International Arbitration

Streamlining, While Competition Heats Up

Similarly, in a 2009 decision, the Korean Supreme Court held that public policy should be interpreted narrowly when enforcing international awards, so that enforcement should be refused only if the actual consequences of recognition or enforcement would be against good moral and social order (Majestic Woodchips, Inc. v Donghae Pulp Co. Ltd, Case No. 2006Da20290).

In another pro-arbitration decision, the Singapore High Court held that it is generally inappropriate to conduct any substantive examination of the documents filed in support of an application to enforce a foreign arbitral award; the court’s task is largely formalistic (Strandore Invest A/S and others v Soh Kim Wat [2010] SGHC 174). If the relatively basic requirements of Singapore’s International Arbitration Act for enforcement are met, the foreign award should be enforced without further review.

THE MIDDLE EAST

A number of the Gulf States which make up the Gulf Co-operation Council (GCC) have tried to improve both the image and the reality of arbitration within their jurisdictions during the last five years. A lack of confidence by foreign investors in court systems perceived as antiquated and inefficient, coupled with doubts about commitment to the enforcement of arbitral awards, have had to be addressed in order for the Middle East to compete with other regions.

United Arab Emirates

Progress has recently been most marked in the United Arab Emirates (UAE), where Dubai has taken the lead. The Dubai International Arbitration Centre (DIAC) is the best known regional arbitration centre in the UAE. Its revised arbitration rules came into force in May 2007.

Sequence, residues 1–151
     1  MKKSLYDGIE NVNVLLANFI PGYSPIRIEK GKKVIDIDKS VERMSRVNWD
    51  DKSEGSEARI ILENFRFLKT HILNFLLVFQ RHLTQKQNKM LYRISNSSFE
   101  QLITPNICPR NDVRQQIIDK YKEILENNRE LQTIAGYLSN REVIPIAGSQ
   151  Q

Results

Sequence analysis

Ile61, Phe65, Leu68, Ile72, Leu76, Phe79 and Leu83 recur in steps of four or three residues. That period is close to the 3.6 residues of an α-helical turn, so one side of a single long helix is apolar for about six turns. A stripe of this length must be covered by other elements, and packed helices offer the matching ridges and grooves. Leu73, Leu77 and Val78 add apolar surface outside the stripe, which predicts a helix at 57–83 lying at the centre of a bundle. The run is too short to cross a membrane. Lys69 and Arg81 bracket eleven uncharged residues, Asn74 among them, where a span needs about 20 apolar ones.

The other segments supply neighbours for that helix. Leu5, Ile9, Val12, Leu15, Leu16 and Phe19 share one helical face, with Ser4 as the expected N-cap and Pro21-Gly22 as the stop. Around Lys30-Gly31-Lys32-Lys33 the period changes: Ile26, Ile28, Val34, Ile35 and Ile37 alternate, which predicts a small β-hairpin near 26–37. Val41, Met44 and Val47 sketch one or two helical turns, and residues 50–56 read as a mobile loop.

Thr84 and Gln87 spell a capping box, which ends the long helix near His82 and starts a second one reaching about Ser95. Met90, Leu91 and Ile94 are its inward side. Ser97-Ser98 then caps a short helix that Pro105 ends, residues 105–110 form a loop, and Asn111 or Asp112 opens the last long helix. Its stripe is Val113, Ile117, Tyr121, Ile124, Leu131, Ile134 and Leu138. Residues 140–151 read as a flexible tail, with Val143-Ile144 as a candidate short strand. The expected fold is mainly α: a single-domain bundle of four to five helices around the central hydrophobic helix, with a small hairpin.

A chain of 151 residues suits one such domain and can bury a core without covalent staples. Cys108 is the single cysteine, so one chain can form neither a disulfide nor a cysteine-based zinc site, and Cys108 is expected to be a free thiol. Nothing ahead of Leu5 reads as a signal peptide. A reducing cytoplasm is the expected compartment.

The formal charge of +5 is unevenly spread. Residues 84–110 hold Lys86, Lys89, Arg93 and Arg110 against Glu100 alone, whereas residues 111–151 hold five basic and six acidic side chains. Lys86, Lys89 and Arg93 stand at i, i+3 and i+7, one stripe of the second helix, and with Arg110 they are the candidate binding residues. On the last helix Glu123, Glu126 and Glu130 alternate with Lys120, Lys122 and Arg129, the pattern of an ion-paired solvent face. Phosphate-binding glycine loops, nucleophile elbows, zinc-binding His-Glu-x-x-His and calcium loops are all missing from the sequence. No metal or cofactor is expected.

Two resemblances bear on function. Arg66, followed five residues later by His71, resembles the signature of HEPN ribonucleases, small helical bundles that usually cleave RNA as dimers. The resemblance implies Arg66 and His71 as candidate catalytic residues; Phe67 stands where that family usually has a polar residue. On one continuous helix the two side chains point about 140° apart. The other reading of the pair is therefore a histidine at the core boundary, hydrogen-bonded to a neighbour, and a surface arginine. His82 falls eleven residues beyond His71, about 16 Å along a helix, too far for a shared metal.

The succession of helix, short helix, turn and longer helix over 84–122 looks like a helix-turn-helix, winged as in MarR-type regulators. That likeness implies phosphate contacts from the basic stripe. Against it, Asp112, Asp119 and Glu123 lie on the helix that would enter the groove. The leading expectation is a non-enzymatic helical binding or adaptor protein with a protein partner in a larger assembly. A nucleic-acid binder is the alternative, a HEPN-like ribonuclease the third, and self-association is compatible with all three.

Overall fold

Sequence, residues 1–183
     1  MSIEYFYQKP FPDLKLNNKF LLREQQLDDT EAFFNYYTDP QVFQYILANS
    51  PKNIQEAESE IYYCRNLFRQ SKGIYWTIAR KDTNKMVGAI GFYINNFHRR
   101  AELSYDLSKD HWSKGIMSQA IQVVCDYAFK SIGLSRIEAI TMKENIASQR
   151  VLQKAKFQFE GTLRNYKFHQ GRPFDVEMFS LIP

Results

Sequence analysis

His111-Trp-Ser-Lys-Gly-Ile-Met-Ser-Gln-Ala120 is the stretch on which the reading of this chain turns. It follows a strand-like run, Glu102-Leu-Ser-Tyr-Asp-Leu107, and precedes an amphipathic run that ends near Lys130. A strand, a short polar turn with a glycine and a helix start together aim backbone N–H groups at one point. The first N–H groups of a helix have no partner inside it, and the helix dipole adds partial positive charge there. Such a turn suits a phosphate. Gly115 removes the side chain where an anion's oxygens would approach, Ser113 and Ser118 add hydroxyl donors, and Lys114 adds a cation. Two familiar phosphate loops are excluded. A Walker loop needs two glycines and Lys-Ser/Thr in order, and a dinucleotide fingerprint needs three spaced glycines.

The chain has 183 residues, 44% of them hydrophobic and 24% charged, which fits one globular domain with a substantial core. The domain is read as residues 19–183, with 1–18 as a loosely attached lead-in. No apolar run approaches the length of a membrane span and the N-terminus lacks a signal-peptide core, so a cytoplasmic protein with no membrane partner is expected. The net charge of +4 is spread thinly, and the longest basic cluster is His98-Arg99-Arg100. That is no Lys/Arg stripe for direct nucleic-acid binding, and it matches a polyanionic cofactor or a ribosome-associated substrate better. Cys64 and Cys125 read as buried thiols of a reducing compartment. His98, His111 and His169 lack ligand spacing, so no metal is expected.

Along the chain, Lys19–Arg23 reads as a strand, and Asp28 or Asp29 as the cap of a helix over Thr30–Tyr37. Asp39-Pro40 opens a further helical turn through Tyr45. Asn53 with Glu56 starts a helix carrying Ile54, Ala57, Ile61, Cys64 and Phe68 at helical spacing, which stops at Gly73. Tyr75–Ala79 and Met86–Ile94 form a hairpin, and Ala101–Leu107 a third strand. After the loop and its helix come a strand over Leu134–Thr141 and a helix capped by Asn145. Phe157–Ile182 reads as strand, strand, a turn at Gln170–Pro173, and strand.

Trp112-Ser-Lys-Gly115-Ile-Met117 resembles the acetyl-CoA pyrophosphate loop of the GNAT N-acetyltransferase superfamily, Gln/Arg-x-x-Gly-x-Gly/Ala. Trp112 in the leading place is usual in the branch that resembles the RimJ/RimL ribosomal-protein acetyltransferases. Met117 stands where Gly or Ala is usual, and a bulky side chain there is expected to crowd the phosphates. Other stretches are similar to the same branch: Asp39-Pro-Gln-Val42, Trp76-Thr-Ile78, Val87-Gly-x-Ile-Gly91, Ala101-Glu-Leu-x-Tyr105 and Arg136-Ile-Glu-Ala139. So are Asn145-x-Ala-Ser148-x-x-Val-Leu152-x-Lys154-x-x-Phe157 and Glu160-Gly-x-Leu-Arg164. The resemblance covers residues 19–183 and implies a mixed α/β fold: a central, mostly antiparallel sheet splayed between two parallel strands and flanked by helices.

In addition, the Dubai International Finance Centre (DIFC), a separate jurisdiction based on common law, with its own arbitration law based on the UNCITRAL model law, has formed a relationship with the London Court of International Arbitration (LCIA) (the DIFC-LCIA centre). In 2008, the DIFC-LCIA centre introduced its LCIA-based arbitration rules. However, the DIFC court, while much heralded, is likely to find its impact diminished by its decision, published in March 2010, in Hardt and Hardt Trading FZE v Damac (DIFC) Co Ltd, which indicates that the court’s jurisdiction will be limited to disputes involving the DIFC-LCIA centre, its members or related transactions (DFI 036/2009). There is no prospect of other parties in the region opting in to the court’s jurisdiction.

The UAE’s reputation for arbitration has been enhanced by recent decisions on recognition and enforcement. In April 2010, the Fujairah Federal Court of First Instance ordered the enforcement of two awards in shipping disputes made by a London arbitrator and, in October 2010, a court in the DIFC recognised for the first time an award issued by the DIFC-LCIA centre. The Dubai Court of First Instance also enforced a London arbitration award in January 2011. In 2009, the Ruler of Dubai established the Dubai World Tribunal to deal with disputes arising from the well-publicised economic difficulties of the Dubai World development, drawing on DIFC judiciary, to maintain the confidence of the international financial community.